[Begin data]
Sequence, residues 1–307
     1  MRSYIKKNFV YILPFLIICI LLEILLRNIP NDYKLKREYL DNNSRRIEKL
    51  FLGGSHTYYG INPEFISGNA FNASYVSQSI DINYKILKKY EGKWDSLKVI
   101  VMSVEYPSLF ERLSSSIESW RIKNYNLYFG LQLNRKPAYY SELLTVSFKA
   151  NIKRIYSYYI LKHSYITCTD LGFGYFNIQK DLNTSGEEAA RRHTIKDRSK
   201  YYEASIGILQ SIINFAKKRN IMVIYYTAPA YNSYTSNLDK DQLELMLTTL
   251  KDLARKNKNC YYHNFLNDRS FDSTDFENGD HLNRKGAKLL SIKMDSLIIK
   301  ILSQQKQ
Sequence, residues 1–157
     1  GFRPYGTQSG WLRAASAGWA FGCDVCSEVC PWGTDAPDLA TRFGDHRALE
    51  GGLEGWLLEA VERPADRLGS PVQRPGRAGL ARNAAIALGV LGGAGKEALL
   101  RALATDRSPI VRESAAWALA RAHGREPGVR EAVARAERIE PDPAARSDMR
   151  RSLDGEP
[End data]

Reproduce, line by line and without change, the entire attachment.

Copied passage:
Sequence, residues 1–307
     1  MRSYIKKNFV YILPFLIICI LLEILLRNIP NDYKLKREYL DNNSRRIEKL
    51  FLGGSHTYYG INPEFISGNA FNASYVSQSI DINYKILKKY EGKWDSLKVI
   101  VMSVEYPSLF ERLSSSIESW RIKNYNLYFG LQLNRKPAYY SELLTVSFKA
   151  NIKRIYSYYI LKHSYITCTD LGFGYFNIQK DLNTSGEEAA RRHTIKDRSK
   201  YYEASIGILQ SIINFAKKRN IMVIYYTAPA YNSYTSNLDK DQLELMLTTL
   251  KDLARKNKNC YYHNFLNDRS FDSTDFENGD HLNRKGAKLL SIKMDSLIIK
   301  ILSQQKQ
Sequence, residues 1–157
     1  GFRPYGTQSG WLRAASAGWA FGCDVCSEVC PWGTDAPDLA TRFGDHRALE
    51  GGLEGWLLEA VERPADRLGS PVQRPGRAGL ARNAAIALGV LGGAGKEALL
   101  RALATDRSPI VRESAAWALA RAHGREPGVR EAVARAERIE PDPAARSDMR
   151  RSLDGEP